Friday, April 11, 2008

REVIEW: Pom Poko - Isao Takahata (1994)

Reviewed by Chris MaGee

If you’ve spent any time in Japan you’ll have seen statues of tanuki or “raccoon dogs” that stand sentry outside restaurants, bars and sometimes in people’s gardens. Like the ubiquitous maneki neko (lucky cat) statues these wicker hat wearing woodland creatures are believed to bring prosperity to the businesses that they guard. Tanuki aren’t just glorified garden gnomes though. Their role in Japanese folklore goes back centuries, and along with the fox they were considered masters of shape-shifting, turning themselves into everything from wandering Buddhist monks to cast iron tea kettles in order to play tricks on unsuspecting humans. Nowadays though tanuki are more likely to be seen up in outlying areas around Japan and sometimes, like our own raccoons, rooting through gardens and trash cans looking for a quick bite to eat.

In 1994 famed anime director Isao Takahata (Grave of the Fireflies) resurrected the tanuki’s magical reputation so that they could fight against the developers and urban planners who turned the Tama Hills southwest of Tokyo into just another bedroom district. He called their battle “Heisei Tanuki Gassen Ponpoko (Heisei-Era Tanuki war Pom Poko” or as Western audiences know it, “Pom Poko”.

The Tama Hills were almost 3,000 hectares of idyllic farmland and rolling countryside, but during the boom years of the 60’s Tokyo city planners feared that the skyrocketing population would lead to a mish mash of disorganized urban sprawl around the city’s outskirts. They had to think of a way to combat this and quickly. In 1965 one of the largest urban development plans was put into motion: transforming The Tama Hills into New Tama, a suburban paradise for the people of Tokyo . The development too six years and by the time the first phase opened it was estimated that over 300,000 people could move into the area.

Set during this time Takahata tells the tale of formerly warring groups of tanuki who displaced by this encroaching development join forces to save their forest home. The only problem is that tanuki, according to Takahata, are notoriously lazy, so they’re more than a bit rusty when it comes to using the only weapon they have at their disposal: their ability to change shape. The leaders of the group use boot camp tactics to try and get their fellow tanuki up to speed, but for every human they scare away with their shape-shifting tricks ten more come to replace them. It’s no good. The tanuki elders are left with no choice: either send delegates to find the shape-shifting masters of Sado and Shikoku and ask for help or risk losing their home forever.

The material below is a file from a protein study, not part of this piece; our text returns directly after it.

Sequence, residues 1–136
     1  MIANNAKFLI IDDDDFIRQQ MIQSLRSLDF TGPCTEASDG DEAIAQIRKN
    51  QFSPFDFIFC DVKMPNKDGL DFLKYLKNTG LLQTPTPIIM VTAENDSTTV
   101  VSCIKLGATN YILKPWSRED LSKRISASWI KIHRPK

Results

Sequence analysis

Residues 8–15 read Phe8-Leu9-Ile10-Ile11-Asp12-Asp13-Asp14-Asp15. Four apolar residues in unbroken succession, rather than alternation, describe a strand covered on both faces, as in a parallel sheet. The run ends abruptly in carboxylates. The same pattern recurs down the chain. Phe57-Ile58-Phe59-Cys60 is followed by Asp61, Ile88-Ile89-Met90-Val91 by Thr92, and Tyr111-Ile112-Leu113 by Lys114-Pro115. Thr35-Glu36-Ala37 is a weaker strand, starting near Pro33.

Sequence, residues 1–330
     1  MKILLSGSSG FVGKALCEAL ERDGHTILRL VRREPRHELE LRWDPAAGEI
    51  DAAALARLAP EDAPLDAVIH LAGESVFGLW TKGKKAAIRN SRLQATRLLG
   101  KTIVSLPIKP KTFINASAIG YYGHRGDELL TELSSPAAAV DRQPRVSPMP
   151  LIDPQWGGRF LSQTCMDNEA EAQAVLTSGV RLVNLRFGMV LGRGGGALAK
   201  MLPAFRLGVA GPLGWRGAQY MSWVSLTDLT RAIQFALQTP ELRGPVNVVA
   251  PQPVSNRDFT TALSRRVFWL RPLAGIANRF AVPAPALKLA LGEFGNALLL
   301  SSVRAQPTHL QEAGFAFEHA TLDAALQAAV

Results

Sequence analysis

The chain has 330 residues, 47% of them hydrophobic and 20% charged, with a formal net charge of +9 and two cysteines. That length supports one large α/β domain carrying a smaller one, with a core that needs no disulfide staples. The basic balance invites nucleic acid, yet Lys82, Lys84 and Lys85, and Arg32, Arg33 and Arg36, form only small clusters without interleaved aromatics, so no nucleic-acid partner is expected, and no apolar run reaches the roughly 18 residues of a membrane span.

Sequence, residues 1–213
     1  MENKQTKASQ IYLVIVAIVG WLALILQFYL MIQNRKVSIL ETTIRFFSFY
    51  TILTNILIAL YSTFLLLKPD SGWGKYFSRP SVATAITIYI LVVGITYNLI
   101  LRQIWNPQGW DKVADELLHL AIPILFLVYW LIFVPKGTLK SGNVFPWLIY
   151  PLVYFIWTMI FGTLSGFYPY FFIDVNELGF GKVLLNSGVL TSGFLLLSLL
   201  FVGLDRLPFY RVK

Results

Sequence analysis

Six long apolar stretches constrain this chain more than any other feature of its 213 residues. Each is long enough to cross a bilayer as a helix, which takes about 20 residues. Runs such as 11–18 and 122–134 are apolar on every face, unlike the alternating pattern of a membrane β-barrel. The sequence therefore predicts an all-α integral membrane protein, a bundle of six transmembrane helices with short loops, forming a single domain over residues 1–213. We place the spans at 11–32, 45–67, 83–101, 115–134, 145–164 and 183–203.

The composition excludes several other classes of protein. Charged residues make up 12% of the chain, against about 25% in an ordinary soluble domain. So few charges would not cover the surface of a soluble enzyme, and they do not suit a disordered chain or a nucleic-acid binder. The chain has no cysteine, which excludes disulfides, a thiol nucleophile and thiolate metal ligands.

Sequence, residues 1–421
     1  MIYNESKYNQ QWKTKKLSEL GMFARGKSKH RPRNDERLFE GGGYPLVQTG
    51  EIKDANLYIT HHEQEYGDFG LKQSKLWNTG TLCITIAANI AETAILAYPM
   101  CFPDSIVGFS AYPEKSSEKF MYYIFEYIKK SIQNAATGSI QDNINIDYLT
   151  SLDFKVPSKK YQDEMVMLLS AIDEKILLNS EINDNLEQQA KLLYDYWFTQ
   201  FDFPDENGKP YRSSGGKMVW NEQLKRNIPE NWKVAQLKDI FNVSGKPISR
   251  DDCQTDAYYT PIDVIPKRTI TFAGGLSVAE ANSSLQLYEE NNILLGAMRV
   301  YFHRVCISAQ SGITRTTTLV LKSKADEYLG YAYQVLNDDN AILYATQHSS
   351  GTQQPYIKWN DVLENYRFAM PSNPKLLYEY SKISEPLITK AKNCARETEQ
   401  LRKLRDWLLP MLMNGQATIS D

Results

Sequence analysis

While Takahata’s Studio Ghibli partner Hayao Miyazaki has always been vocal about his pro-nature/ anti-progress stance his films have always couched the message in fantasy and allegory. In the case of “Pom Poko” Takahata pulls no punches, turning his cute, furry tanuki into furious eco-warriors. The blatant environmental message didn’t hurt the film at all with the Japanese public though. The tanuki of “Pom Poko” beat out some other animated animals at the Japanese box office. You may have heard of the film. It was called “The Lion King”.

Despite its huge success at home “Pom Poko” has been the black sheep of the Studio Ghibli films that have been released abroad. Many critics have called it dark and evil, foreign, and so culturally specific that it’s untranslatable, but for me this is what makes the film so fascinating and fun. No doubt about it, “Pom Poko” is a dense film. If all you want is a cute Disney-esque animal story then “Pom Poko” will leave you scratching your head; but if, like me, you prefer a bit of education with your entertainment then this film is a wonderful, whimsical primer of Japanese folklore, pop culture and history.

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